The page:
Imaginary Limits: Grasping at Illusory I

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Imaginary Limits: Grasping at Illusory I

From the perspective of science, there is no inherent reason for the human mind to have an underlying owner or “self.” The brain, the physical structure that creates consciousness and ‘the mind,’ exists only to provide centralized control over the body, ensuring our survival; it’s comprised of numerous subsystems that allow us to engage safely with the world—eg those regions that warn us of threats; others that alert us to opportunities; faculties that monitor body states; systems that process spatial awareness and on. No region can be found via scans or neural anatomy that could feasibly produce a lasting “self.” And if consciousness exists to address conflicting impulses and to integrate subsystems, its without doubt an event that changes fluidly over time.

And yet we refer continuously to the idea of a continuous identity despite all that demonstrates such a construct is false and non-existent. Western theorists since David Hume (1711-1776), have shown that the self is an illusion comprised of an assortment of experiences, sensations and impressions that are tied together by a narrative inner voice. One dominant contemporary theory is that language developed as a way to organize us for survival; as a byproduct of language, in which communication unfolds over time, and so narrative was made possible, an example of which includes the illusion of self.

The Buddha arrived at a similar conclusion 2,500 years ago. He proposed that much of the unnecessary suffering we humans experience, including so many psychological wounds that can lead to despair and even suicide, result from misattributing our emotional experience to the illusion of a self.

This identity sets imaginary limits and deprives us of the freedom to change. Such an idea keeps us from seeing clearly that our emotional experience arises due to how we’ve previously used consciousness—the quality of our thoughts and actions—not any continuing, locked in characteristics. The Buddha proposed that we can determine our interior, mental landscapes by changing how we relate to our experiences as they arise; compassion creates peace, whereas anger creates agitation, etc.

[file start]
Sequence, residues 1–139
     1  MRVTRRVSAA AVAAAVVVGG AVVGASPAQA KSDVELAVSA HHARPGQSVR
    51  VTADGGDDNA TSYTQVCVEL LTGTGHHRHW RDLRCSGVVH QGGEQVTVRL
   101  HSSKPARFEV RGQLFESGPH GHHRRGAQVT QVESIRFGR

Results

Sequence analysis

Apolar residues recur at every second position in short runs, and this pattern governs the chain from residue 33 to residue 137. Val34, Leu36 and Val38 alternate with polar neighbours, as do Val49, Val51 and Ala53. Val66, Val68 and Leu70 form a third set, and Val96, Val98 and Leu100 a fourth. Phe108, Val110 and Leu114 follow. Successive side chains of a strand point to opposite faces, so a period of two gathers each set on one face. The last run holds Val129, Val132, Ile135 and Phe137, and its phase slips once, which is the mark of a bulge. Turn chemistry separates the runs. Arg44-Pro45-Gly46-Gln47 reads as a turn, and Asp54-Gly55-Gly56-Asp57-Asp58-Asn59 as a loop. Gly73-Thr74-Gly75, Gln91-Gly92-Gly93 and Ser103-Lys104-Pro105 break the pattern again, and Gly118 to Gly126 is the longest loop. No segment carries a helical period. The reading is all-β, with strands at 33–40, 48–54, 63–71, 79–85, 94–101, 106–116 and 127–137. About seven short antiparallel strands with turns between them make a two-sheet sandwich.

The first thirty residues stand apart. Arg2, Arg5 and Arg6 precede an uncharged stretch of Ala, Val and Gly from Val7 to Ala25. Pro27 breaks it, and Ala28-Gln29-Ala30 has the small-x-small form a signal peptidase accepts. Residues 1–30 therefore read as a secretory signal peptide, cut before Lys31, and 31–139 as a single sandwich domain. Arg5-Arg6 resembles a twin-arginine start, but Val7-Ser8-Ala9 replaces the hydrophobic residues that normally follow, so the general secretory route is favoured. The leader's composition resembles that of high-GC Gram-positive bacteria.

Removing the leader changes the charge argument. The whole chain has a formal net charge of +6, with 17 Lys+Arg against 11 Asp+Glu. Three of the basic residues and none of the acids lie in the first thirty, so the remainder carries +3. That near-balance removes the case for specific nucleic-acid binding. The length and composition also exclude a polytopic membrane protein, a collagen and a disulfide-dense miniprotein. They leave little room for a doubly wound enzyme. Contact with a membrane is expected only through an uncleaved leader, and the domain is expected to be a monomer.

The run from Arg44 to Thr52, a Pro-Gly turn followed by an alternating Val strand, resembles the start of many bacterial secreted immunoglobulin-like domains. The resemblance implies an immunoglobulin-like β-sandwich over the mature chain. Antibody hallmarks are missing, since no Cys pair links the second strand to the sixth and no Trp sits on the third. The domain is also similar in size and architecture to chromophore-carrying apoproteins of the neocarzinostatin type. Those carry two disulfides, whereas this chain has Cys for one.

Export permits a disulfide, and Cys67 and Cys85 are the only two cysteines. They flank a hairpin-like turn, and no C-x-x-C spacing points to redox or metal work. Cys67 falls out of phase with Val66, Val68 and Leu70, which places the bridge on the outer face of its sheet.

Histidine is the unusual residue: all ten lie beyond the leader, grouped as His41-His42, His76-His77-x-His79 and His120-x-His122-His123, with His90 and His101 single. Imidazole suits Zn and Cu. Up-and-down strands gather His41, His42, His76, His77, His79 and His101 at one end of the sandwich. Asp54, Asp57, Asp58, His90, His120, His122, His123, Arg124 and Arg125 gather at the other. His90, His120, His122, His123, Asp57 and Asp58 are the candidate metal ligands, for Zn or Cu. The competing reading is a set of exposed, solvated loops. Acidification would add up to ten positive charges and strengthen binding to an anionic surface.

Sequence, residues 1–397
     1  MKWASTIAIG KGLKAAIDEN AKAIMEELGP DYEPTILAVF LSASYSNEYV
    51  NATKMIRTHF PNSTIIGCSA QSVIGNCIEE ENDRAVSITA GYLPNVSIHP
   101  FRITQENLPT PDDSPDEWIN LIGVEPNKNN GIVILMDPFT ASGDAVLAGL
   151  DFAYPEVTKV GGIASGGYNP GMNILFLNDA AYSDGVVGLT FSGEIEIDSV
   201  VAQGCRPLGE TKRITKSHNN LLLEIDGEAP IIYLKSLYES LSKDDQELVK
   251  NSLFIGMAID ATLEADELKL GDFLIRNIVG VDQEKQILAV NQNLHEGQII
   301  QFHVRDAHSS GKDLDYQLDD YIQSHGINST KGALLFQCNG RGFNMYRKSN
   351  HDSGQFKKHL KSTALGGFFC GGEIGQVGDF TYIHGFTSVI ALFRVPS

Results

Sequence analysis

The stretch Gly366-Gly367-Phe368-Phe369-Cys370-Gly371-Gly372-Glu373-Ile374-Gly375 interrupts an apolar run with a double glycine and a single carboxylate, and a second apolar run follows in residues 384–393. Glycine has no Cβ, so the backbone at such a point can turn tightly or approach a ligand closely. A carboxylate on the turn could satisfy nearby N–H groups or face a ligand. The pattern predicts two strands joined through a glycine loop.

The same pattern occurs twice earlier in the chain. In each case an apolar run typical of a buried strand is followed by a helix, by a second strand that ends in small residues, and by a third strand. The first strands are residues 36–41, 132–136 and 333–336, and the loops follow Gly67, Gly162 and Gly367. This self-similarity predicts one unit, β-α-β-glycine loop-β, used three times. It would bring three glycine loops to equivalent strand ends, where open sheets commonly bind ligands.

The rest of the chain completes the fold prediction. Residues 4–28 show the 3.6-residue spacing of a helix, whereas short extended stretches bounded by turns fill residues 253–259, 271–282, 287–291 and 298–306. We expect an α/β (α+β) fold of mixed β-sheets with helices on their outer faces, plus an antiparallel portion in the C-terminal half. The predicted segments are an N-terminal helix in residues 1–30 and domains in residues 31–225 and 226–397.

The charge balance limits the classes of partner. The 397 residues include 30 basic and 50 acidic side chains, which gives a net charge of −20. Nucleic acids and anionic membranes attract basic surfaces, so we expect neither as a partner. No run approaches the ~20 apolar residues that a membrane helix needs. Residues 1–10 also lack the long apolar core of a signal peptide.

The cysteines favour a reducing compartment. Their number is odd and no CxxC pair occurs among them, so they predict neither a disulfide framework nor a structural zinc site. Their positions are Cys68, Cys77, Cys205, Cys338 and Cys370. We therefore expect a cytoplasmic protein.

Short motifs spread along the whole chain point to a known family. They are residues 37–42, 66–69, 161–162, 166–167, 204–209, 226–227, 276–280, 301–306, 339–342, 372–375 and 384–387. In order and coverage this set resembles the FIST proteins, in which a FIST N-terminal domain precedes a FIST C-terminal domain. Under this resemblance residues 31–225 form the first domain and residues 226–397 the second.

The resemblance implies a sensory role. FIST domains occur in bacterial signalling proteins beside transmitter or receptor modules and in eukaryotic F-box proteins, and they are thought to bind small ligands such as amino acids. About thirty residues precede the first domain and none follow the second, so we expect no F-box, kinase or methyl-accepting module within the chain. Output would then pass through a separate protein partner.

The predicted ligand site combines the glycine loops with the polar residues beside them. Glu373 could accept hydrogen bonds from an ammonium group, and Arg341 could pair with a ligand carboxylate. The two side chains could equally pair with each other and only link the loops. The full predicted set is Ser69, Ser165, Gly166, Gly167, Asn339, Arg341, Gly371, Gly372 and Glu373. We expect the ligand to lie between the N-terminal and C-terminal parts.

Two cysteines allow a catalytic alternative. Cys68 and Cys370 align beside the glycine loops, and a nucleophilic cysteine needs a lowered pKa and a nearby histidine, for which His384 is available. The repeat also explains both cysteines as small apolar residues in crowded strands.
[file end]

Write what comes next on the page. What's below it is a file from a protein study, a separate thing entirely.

In summary, the self is an array of powerful experiences we’ve added to memory—neuroscience demonstrates we remember events that appear to directly effect our survival, during which all the various memory systems of the brain, implicit and explicit, are engaged—to which we’ve added a sense of continuity. Clinical psychology now reveals that once a healthy identity has been established to meet social demands, we can begin to explore changing it and even putting it aside for many beneficial purposes. In other words, we have the liberty to change who we are: We can remove ingrained fears through exposure therapy; we can over time reduce the power of traumatic memories by calmly opening to them in meditation; we can engage in narrative play, allowing us to reconstruct how we relate to the difficult experiences we’ve endured. In short, the state of having “no one home” may be more advantageous than we imagined.